Archives For Honda Dealers

Local Shoppers Look Online First

MARCH 15, 2010

90% search online for nearby businesses

The overwhelming majority of US Internet users research online to find local products and services, according to the “User View Wave VII” from BIA/Kelsey and ConStat.

The most common online tool used for local research was search. Nearly one-half of respondents used Internet yellow pages and 42% checked comparison-shopping sites before heading to local businesses.

Media Used by US Internet Users When Researching Local Products/Services, Q1 2010 (% of respondents)

In summer 2009, TMP Directional Marketing and comScore found that and 46% of local online searchers contacted a business by telephone after Web research, and 37% visited in person.

“The Internet has indeed become an integral part of consumers’ local commercial activity,” said Steve Marshall, director of research, BIA/Kelsey, in a statement. “The data suggest we’re at an inflection point where the balance of power in local shopping is shifting to online.”

Local advertising dollars will follow eyeballs; BIA/Kelsey expects the Web to get an increasing share of local ad spending over the next several years, reaching one-quarter of the total in 2014.

Over time, the researchers have noted an increase in the number of sources used for local shopping research, suggesting audience fragmentation that can be challenging for advertisers.

Average Number of Media Sources Used by US Internet Users When Shopping for Local Products/Services, Q1 2007-Q1 2010

“These challenges may be outweighed by the targeting opportunities available with tools like coupon promotions and appointment scheduling, the latter being among the best lead sources possible, since you know where people are actually going,” said Peter Krasilovsky, vice president and program director, Marketplaces, BIA/Kelsey, in a statement.

According to the report, 58% of respondents said they had redeemed an online coupon when shopping locally in the past year, and 19% made a local appointment other than a restaurant reservation on the Web.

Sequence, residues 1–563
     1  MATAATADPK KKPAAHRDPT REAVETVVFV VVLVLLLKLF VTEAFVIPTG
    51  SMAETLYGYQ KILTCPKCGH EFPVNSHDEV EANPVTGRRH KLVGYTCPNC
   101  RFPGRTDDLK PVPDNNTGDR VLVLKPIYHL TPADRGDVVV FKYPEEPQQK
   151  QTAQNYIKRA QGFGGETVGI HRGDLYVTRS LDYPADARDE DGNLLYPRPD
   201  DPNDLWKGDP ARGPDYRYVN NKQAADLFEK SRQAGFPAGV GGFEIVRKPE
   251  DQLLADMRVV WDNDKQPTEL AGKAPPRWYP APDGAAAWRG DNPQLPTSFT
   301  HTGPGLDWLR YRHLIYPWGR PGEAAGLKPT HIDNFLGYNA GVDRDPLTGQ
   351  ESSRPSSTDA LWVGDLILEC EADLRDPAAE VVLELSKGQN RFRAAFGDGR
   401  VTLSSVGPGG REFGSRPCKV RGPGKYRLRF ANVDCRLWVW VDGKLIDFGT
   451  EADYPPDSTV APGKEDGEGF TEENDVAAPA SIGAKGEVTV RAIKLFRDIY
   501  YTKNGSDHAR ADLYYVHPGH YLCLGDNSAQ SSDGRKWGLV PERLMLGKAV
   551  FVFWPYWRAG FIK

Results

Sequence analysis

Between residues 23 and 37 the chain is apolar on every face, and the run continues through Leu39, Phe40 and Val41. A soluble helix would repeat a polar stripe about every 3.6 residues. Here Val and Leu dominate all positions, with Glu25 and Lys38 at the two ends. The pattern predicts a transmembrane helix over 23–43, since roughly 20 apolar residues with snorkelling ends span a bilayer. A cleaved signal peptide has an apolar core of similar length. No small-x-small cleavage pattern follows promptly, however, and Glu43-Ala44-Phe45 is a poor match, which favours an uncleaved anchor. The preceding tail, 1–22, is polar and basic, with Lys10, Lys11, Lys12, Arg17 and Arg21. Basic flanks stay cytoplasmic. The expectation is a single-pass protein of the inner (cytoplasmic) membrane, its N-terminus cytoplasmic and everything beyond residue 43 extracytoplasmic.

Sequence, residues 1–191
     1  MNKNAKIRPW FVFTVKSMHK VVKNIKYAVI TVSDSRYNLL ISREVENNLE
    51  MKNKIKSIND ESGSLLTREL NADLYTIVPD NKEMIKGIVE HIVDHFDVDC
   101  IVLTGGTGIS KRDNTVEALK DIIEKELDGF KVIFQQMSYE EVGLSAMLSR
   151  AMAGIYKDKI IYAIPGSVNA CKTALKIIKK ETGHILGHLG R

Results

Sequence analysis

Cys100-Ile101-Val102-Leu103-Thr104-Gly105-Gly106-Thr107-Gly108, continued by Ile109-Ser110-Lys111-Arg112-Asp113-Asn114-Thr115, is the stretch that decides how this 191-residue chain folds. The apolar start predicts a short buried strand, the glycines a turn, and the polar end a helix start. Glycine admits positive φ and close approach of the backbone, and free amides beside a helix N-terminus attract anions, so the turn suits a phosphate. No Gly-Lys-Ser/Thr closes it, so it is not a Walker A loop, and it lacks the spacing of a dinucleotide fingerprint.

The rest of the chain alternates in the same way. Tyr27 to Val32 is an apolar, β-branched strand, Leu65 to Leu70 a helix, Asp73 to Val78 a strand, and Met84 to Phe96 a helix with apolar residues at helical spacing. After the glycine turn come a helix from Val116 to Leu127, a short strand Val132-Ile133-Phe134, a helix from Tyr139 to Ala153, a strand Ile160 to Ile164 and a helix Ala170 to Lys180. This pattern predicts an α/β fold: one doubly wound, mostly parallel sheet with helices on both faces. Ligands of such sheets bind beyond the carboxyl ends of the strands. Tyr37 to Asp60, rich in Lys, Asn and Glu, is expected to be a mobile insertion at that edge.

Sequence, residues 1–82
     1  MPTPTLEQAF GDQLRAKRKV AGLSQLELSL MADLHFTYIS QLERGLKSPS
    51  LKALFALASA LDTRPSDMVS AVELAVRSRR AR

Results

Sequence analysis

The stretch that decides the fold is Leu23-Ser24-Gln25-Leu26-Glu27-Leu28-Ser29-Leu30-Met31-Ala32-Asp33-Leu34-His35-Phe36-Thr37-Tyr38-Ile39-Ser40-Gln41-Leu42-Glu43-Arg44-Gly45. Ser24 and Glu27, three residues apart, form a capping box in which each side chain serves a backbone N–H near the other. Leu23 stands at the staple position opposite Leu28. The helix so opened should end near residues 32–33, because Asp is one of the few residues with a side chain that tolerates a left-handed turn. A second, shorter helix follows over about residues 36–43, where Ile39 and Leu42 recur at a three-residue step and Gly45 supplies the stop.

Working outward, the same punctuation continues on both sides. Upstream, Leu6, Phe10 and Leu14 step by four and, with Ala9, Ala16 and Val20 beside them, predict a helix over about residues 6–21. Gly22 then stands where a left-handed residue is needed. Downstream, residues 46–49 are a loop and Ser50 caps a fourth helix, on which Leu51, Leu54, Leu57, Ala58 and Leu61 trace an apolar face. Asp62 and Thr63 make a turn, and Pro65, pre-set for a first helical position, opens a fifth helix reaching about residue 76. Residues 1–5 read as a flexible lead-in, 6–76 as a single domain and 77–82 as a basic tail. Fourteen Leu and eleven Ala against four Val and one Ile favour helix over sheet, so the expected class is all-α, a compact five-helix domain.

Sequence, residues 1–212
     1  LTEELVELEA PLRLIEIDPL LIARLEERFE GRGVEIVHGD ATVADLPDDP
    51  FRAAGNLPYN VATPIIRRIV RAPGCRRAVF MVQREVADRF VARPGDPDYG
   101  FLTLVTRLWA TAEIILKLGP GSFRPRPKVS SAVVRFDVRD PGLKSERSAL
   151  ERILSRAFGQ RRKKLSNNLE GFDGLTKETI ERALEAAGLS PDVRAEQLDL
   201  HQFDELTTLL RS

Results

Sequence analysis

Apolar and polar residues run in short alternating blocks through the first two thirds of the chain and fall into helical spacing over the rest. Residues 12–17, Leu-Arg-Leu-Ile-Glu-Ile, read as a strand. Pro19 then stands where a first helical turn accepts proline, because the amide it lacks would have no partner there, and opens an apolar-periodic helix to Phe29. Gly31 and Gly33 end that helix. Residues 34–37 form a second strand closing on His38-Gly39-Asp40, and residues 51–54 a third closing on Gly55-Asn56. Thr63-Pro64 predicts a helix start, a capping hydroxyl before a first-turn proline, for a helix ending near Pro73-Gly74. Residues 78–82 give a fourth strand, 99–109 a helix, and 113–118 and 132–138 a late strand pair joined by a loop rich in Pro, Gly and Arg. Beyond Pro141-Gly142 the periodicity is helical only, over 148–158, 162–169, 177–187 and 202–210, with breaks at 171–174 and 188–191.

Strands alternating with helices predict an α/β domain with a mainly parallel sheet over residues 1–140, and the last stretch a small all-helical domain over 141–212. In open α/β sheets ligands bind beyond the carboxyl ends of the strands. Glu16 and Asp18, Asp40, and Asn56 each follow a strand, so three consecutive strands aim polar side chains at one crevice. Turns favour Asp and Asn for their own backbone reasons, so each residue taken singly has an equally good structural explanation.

[Sent from Ralph Paglia’s iPhone]

Top 10 passwords you should never use

A ccording to a report, most users still haven’t answered the call by security experts to implement more robust passwords. In fact, in a list of the most easy to hack passwords, simply typing ‘123456’ took a truly forgettable top prize.

Security firm Imperva recently released its list of the passwords most likely to be hacked based on 32 million instances of successful hacking. Imperva named their report “Consumer Password Worst Practices,” and some of the entries near the top are truly simple and could lead to theft or identity fraud.

Top 10 Worst Passwords
The following is a list of the most predictable passwords, and should not be used under any circumstances (Source: pcworld.com):

  1. 123456
  2. 12345
  3. 123456789
  4. Password
  5. iloveyou
  6. princess
  7. rockyou
  8. 1234567
  9. 12345678
  10. abc123

How to Strengthen Your Passwords
Other key findings in the report: it seems that almost 1 in 3 users choose passwords comprised of six or fewer characters; more than half use passwords based on only alpha-numeric characters; and almost 50 per cent used variations on their name, popular slang terms, or simple strings of consecutive characters from the average QWERTY keyboard — such as ‘asdfg’.

Imperva has made several obvious recommendations, suggesting most users adopt passwords with at least eight characters and to mix those characters between upper and lower case letters, numbers, and symbols. Passwords should be simple enough that they won’t be too easily forgotten, but the idea is to make cracking the code virtually impossible for either an unknown or known hacker.

About this article: Dennis Faas is the CEO and Chief editor of Infopackets.com: a daily, digital publication dedicated to MS Windows, computing, technology trends and solutions to real life computing issues: all written in simple English. Subscription to Infopackets Windows Newsletter is free. Visit us today!www.infopackets.com

[Sent from Ralph Paglia’s iPhone]